How to Become a Media Darling: 6 Dead-Simple Tips
One of the best ways to promote your business, organization, or expertise is to be featured in the news. It’s an independent, unbiased endorsement, after all. Marketers call this earned media.
Put simply, earned media is the visibility you earn when a journalist reports on your product, cause, or organization. It’s not owned media — the channels, tools, and content that you control and use to publish your story. And it’s not paid media — a.k.a. advertising
How’s earned media work? Typically, you or your organization orchestrates a strategic news moment that you share with reporters. It’s not free media. You earn it — not only through the newsworthiness of your story, but through the sheer work it takes to land the coverage.
Sounds easy, right? Okay, maybe “easy” isn’t the right word. But what’s easy isn’t worth doing anyway — right? Have you ever wanted to be the brewmaster who is featured on the six o’clock news explaining how a revamped city ordinance led to brew houses sprouting up like recycled beer cans at an aluminum recycling center? To make that happen you could depend on providence — i.e. waiting around for a reporter find you, track you down, and call you. Or you could take the proactive approach recommended by brand journalist Phoebe Chongchua, a former San Diego-based news anchor/reporter, who has been helping clients reach the news media for more than a decade in print, in video, and now in a podcast — The Brand Journalism Advantage, where guests trade tips on storytelling and content marketing best practices.
Think like a journalist
If you’re looking to land some earned media coverage of your own, Chongchua has some tips for Web Content Insider readers. “The reason a lot of companies don’t get called by the media is because the media doesn’t know about them,” Chongchua says. “If you want free publicity from the media, you have to become a ‘notable resource’ to reporters.” That means “thinking like a journalist,” she says.
Here’s how to turn your business into a media darling:
1. Network with reporters. Just as it’s always good to know a great attorney, it’s also good to know a news reporter or brand journalist. Follow them on social media. Contribute ideas for stories not just on your company but on topics in the industry your company is in. If you post comments and begin feeding them unique and interesting stories, you’ll find that reporters will eagerly welcome your posts, emails, and even calls. Don’t waste their time. Be direct and offer pertinent and timely information.
2. Pitch your story and make it matter to many. The story you pitch has to have widespread interest coupled with a personal aspect. Don’t just pitch your company and/or product. Instead, offer to help with information that will benefit the news media audience. Then show how the personal element of the story plays a vital part of that story. Essentially, you’re storyboarding the report for them.
3. Make it easy to locate the “go-to expert” in your company for an interview. As a reporter, Chongchua called companies for interviews and was told, “We’d love to do this story, but the only person who can do the interview is our CEO and he won’t be back for a few hours.” What a shame. Make sure that your front office knows what to do when the media calls. Many connections don’t happen because a receptionist/staff can’t be bothered with a call from a reporter (because it wasn’t viewed as a sales call). How silly! That call could have generated extraordinary publicity and future sales.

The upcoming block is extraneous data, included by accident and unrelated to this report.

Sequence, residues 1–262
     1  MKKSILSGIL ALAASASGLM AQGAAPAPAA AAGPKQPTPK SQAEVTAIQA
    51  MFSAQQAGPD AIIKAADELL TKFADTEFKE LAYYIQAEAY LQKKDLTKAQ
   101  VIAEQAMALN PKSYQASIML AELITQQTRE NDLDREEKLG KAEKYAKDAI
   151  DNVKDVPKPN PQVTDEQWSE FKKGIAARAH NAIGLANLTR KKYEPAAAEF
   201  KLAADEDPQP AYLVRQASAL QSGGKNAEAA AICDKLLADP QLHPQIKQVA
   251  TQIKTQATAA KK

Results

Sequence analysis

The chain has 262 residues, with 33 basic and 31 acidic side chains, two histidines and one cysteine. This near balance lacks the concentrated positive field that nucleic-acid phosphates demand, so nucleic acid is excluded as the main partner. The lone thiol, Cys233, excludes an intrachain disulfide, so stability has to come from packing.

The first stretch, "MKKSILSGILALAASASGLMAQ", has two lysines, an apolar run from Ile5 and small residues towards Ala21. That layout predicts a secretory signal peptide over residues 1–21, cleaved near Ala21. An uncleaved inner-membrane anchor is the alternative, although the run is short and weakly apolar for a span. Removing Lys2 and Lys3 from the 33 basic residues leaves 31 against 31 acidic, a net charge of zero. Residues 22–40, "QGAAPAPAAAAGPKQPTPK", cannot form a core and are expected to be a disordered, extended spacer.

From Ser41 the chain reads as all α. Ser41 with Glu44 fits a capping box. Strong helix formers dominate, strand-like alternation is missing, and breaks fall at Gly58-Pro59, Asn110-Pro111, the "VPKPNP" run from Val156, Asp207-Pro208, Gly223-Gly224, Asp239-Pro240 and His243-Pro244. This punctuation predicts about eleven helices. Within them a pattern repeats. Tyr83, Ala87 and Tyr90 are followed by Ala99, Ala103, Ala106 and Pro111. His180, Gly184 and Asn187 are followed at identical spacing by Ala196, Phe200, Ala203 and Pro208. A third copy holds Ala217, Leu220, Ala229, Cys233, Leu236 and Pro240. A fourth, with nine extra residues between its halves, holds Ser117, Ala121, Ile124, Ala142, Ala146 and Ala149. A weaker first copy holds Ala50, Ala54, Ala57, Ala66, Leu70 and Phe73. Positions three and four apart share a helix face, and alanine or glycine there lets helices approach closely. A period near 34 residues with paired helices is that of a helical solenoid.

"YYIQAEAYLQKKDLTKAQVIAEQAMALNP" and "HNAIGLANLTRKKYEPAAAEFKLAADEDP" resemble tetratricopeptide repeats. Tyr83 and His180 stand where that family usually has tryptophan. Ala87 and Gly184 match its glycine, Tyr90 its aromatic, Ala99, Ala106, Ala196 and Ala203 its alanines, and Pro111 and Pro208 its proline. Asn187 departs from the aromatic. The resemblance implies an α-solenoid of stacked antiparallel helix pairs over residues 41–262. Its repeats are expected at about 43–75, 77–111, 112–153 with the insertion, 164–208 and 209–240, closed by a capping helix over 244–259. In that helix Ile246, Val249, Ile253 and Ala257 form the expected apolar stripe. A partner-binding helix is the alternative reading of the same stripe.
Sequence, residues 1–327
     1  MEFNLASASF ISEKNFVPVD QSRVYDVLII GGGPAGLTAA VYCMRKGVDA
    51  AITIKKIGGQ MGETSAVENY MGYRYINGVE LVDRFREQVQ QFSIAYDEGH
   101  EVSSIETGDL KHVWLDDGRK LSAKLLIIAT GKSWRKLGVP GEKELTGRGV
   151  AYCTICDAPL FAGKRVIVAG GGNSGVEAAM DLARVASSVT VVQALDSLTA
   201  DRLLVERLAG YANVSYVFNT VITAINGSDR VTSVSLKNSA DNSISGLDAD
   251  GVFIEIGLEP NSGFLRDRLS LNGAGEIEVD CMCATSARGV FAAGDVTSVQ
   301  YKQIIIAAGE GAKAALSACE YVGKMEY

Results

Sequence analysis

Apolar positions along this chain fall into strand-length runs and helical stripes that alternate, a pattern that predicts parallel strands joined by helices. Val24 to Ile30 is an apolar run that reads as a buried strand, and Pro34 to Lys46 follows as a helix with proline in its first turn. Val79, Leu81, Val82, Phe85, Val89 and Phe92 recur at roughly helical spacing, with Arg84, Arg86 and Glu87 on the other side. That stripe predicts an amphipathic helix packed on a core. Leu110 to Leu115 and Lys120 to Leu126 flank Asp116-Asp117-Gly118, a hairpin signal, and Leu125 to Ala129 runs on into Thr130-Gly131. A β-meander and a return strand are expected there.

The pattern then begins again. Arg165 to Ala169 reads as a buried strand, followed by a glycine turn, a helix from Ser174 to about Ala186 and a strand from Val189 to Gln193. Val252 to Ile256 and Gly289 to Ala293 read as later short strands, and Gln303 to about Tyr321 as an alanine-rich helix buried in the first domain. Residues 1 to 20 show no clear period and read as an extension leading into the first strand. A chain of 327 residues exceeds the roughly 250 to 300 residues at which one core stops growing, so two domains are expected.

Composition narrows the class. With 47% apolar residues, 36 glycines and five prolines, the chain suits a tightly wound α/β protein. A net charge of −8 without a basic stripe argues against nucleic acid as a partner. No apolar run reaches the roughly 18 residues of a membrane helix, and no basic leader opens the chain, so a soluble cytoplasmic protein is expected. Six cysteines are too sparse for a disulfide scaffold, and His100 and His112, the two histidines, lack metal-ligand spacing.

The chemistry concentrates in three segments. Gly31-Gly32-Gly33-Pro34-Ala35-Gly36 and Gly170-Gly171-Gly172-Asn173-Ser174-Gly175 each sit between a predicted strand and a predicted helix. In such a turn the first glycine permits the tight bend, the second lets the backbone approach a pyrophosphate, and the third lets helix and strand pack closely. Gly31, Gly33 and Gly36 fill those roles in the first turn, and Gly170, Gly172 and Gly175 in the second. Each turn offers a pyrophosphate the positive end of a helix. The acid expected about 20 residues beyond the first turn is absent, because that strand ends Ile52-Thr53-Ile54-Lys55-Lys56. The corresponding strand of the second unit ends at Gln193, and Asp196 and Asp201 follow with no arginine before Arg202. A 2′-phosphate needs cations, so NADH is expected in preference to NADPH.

4. Have real clients and people available that the media can interview. It’s vital to have past clients that you can recommend for the media to interview. Make sure you’ve pre-screened these clients and know that they can do a quality interview. Nothing is more frustrating than getting a lead for an interview from a company and then having the interview be awful because the referred client isn’t articulate or refused the interview.
5. Think like a journalist before you pitch to a reporter. If you’re pitching a story to a TV reporter, think about what video the reporter would use to tell the story. Some good stories are turned down on TV because there just isn’t any compelling video to accompany the story. It’s like saying you’ve got a good face for radio! Sometimes the story is simply better for print or radio. But if you can help the reporter understand the visuals, there’s a greater chance your story will make it on TV.
6. Use numbers in your press release. The media loves to throw numbers and statistics into news stories. Think about books and titles — numbers and statistics are easy to comprehend.
This video (above) was created for a rug company. It starts with a news hook: How much do college grads spend on home decor? That could easily be a news story that would interest traditional media. While the news media wouldn’t give the company the direct promotional exposure that this story does, it might easily decide to do a story based on the news angle and interview the rug company for the expert information that’s included.
Now that you know the basics, check out more tips from Chongchua on catching the media’s attention.
by Ed Carpenter — He’s a bad mutha … shut yer mouth.
Posted on January 5, 2015, in Business, Higher education, Marketing, Nonprofits and tagged brand journalism, Marketing. Bookmark the permalink. Comments Off on How to Become a Media Darling: 6 Dead-Simple Tips.